that is plausible on its face." Id. at 570. The Court referred to this newly clarified standard as "the plausibility standard."Id. at 560 (abandoning the "no set of facts" language from Conley v. Gibson).
On a motion to dismiss under Rule 12(b)(6), the Court "must accept as true all of the factual allegations contained in the complaint." Erickson v. Pardus, 551 U.S. at 94; see also Bell Atlantic Corp. v. Twombly, 550 U.S. at 555. The complaint "is construed liberally in the [plaintiff's] favor, and [the Court should] grant [the plaintiff] the benefit of all inferences that can be derived from the facts alleged." Kowal v. MCI Commc'ns Corp., 16 F.3d 1271, 1276 (D.C. Cir. 1994). Nevertheless, the Court need not accept inferences drawn by the plaintiff if those inferences are unsupported by facts alleged in the complaint, nor must the Court accept plaintiff's legal conclusions. See Kowal v. MCI Communications Corp., 16 F.3d at 1276; Browning v. Clinton, 292 F.3d 235, 242 (D.C. Cir. 2002).
B. Liability of the FDIC
Mr. Mintz has not advanced any tenable legal theory under which the FDIC might be liable to him, nor has he alleged in his complaint any facts from which such a theory could be inferred. According to his complaint, the FDIC is or may be "the successor in interest to [WM Bank]," Compl. ¶ 34, and if that is the case, the FDIC "must abide by its obligations to the holders of the Warrants." Id. ¶ 37. That claim fails because the facts alleged in Mr. Mintz's complaint lay no foundation for the argument that WM Bank had any obligation to the holders of the warrants issued by Dime Bancorp. The Agreement pursuant to which those warrants were issued created certain legal obligations to be fulfilled by Dime Bancorp. Because, as the complaint itself alleges, Dime Bancorp was acquired in 2002 by WM Inc., it could be plausibly inferred at the motion-to-dismiss stage that WM Inc. might have succeeded to those obligations. But Mr. Mintz's allegations target not WM Inc., but the separate entity WM Bank.
The complaint does not allege that WM Bank was the acquirer of Dime Bancorp. Nor does it allege any other sort of relationship between those two entities, contractual or otherwise, that might confer liability for Dime Bancorp's obligations under the Warrant Agreement upon WM Bank. Mr. Mintz's unsupported assertion that WM Bank and "possibly the FDIC" are the "successors and assigns" of Dime Bancorp, Compl. ¶ 20, does not cure this deficiency; that assertion is a mere "legal conclusion cast in the form of [a] factual allegation." Browning v. Clinton, 292 F.3d at 242 (citation and internal quotation marks omitted); see In re IndyMac Mortgage-Backed Securities, Civil Action No. 09-4583, 2010 WL 2473243, at *8 (S.D.N.Y. June 21, 2010) (rejecting a "successor-in-interest allegation . . . without any factual amplification" as "`nothing more than a legal conclusion . . . and so . . . not entitled to the assumption of truth'" (citations omitted)).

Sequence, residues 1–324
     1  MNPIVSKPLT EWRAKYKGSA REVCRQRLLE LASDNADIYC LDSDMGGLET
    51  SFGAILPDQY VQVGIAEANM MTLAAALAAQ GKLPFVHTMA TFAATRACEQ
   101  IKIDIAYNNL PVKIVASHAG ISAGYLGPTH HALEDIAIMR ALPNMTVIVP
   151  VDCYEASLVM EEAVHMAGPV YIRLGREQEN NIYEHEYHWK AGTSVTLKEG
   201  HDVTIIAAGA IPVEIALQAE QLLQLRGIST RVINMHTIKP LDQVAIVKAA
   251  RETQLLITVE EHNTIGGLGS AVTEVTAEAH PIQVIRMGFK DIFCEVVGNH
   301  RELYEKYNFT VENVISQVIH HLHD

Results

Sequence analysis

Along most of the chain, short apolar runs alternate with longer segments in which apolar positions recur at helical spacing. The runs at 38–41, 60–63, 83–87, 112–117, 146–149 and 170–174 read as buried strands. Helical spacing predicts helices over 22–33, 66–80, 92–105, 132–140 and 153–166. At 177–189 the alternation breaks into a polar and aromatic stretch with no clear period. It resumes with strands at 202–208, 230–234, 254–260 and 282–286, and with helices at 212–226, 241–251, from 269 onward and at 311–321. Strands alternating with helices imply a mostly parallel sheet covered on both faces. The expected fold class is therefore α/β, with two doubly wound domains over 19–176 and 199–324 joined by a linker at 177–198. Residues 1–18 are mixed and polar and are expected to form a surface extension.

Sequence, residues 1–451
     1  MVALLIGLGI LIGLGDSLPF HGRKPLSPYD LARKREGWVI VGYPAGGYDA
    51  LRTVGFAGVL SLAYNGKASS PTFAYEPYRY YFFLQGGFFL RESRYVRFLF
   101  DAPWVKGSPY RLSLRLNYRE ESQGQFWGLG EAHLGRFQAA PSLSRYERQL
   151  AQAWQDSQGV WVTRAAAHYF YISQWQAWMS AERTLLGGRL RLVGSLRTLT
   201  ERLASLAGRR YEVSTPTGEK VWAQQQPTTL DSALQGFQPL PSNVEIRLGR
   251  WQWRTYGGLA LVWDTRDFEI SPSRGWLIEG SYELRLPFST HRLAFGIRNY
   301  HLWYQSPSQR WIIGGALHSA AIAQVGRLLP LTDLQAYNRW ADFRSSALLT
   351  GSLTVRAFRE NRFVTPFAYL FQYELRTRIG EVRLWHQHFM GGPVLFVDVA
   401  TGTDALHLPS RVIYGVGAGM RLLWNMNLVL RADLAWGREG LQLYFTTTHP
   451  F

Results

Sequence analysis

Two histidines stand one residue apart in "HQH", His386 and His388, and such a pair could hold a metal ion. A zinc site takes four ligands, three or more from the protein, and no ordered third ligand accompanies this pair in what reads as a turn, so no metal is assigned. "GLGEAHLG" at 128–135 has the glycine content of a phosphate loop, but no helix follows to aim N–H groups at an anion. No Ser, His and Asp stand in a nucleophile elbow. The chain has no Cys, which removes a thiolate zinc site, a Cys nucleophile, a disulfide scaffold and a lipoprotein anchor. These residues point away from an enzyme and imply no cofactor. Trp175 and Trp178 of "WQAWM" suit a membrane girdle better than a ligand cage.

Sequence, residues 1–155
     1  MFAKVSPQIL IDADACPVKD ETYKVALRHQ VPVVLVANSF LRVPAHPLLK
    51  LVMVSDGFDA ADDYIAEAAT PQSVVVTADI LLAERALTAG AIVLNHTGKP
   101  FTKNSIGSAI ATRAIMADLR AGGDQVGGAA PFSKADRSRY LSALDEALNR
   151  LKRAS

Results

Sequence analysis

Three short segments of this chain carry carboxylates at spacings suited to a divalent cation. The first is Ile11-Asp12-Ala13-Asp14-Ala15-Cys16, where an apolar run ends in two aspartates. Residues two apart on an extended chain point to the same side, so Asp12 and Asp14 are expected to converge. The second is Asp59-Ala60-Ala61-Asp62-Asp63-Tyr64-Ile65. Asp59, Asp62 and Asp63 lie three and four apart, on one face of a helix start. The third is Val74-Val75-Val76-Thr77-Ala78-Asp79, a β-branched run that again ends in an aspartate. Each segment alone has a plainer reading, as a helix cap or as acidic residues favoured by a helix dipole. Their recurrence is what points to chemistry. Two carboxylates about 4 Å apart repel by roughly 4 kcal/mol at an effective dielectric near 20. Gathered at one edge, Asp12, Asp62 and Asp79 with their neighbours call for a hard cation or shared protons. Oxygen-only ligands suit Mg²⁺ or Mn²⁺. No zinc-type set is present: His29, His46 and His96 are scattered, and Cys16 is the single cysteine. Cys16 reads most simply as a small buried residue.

Mr. Mintz's only attempt to explain how the circumstances described in his complaint could give rise to liability on the part of WM Bank and, by extension, the FDIC is unpersuasive. According to the plaintiff,
[u]nder the appropriate reading of the Litigation Tracking Warrants, the issuance of the stock is a condition precedent to the ability of the Bank or anyone to obtain the proceeds of the Anchor Litigation. The intent of the Litigation Tracking Warrants was to give to the then-shareholders of Dime Bancorp, Inc., not the bank, 85% of the benefits of the Anchor Savings Bank Litigation. The Litigation Tracking Warrant Holders are the only successors to the Dime Bancorp, Inc. shareholders. At the appropriate time the Plaintiff can produce full briefs supported by witnesses who participated in the issuance of the Litigation Tracking Warrants to verify that reading and intent.
Pl.'s Reply at 2 (emphasis in original). Even if the Court assumes the veracity of the strained interpretation of the Warrant Agreement urged by Mr. Mintz, that interpretation does not translate into potential liability for the FDIC. If no entity may receive the Anchor Award until the LTWs are exchanged for stock, then the FDIC or any other potential claimant to the Award would seem to be barred from obtaining it until the warrants are exercised (if they ever are) — but limitations on the ability of the FDIC to obtain the Award are not obligations to the warrant holders.
Because the allegations in Mr. Mintz's complaint are not sufficient to provide fair notice of the grounds upon which the FDIC's liability plausibly may be predicated, see Bell Atlantic Corp. v. Twombly, 550 U.S. at 555-56, the complaint must be dismissed. The dismissal of the complaint renders moot the plaintiff's motion to stay and the defendant's motion for judicial notice; as a result, those motions will be denied. An Order consistent with this Memorandum Opinion will be issued this same day.